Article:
Normative theories of the law as a whole could be called « general normative jurisprudence ». There may also be normative theories for specific areas of law – « normative constitutional theory », « normative theory of tort liability », etc. Positive theory as a constraint on normative theory – Another relatively uncontroversial relationship between positive and normative legal theories arises when a positive theory explaining why the law has the form it has is considered a limitation of normative theory. For example, public choice theory makes certain predictions about how legislators will act in response to various incentives. Some legal rules that might be justified by an ideal normative legal theory may be considered « unrealistic » in light of positive theory. In such cases, positive legal theory offers limitations that limit the possibilities of normative theory. Positive legal theory Type 2: Explanatory theories – The second type of legal theory to which the label « positive » is applied is explanatory theories – theories about why the law is what it is. For example, a very simple Marxist theory might claim that the content of the law can be better explained by the interests of the ruling class. Some legal economists have attempted to argue that common law rules are effective because there is « evolving pressure » on ineffective legal rules. What I call an « explanatory theory » is sometimes called a « causal theory. » (2) The existence of a rule of recognition is a conceptually necessary condition for the existence of a legal system. (7) Any legal system is therefore based on a form of coercion. Coercion is therefore a conceptually necessary condition for the existence of legal systems.42 15Himma points out that conceptual functions imply a kind of (at least presumed) normativity: functional normativity.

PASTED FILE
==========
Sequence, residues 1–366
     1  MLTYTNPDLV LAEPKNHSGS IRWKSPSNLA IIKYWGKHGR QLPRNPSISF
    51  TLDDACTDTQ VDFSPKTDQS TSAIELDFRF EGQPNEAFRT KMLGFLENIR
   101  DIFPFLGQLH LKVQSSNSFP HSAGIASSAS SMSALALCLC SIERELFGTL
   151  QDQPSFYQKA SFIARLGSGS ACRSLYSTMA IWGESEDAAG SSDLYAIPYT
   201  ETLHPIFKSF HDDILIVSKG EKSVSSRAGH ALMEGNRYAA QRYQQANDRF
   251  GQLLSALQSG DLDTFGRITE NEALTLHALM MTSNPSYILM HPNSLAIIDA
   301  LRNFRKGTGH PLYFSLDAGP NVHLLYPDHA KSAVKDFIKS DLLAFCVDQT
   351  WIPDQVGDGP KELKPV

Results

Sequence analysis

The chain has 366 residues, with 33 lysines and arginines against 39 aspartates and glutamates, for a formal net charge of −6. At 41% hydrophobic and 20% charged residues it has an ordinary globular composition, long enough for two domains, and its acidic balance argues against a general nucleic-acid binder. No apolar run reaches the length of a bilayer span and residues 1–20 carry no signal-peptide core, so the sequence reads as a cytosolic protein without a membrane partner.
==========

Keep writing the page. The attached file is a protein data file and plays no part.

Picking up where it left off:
But this is not synonymous with moral normativity.18 This is true to the extent possible, but it is not sufficient to satisfy MLP in its examination of the conceptual function of law, since MLP concerns the normative in general and not only the moral. Rather, Himma`s potential claim to satisfy the MLP lies in the fact that peacekeeping is what is generally regarded as a function of law.19 It describes only one social fact: the fact that people think the law is. The problem comes from the reasons he uses to justify this (empirical?) description.37 The general notion of artifacts as defined by their function, where function is understood as the satisfaction of a particular need, may also raise doubts: What exactly does Himma mean by « need » in this context? Isn`t it true that we have done some things (artifacts) that we don`t « really need »? Fulfilling a certain function and satisfying a certain need cannot be synonymous. Critical legal theory: trying to define how existing laws fail to achieve an external goal?? 13Although Himma views his work as an exercise in descriptive conceptual analysis, I doubt that his examination of the relationship between law and constraint is sufficient (or compatible with) MLP. 28It is important to note two things here: a) From this point of view, coercion does not refer to unofficial behavior, as in Himma`s conception, but to official behavior; (b) According to this argument, coercion is not exactly a necessary part of the law, but a necessary condition for its existence. As Himma puts it, coercive sanctions that support a recognition rule are informal in the sense that they are not authorized by the recognition rule or any other legal norm.43 Perhaps (but only perhaps) this is all we can say in quite conceptual terms about a necessary link between law and coercion. Despite a long tradition of applying rational choice theories to various philosophical problems, the question of the potential relevance of descriptive decision theory to its normative counterpart does not seem to have aroused much interest in the philosophical community.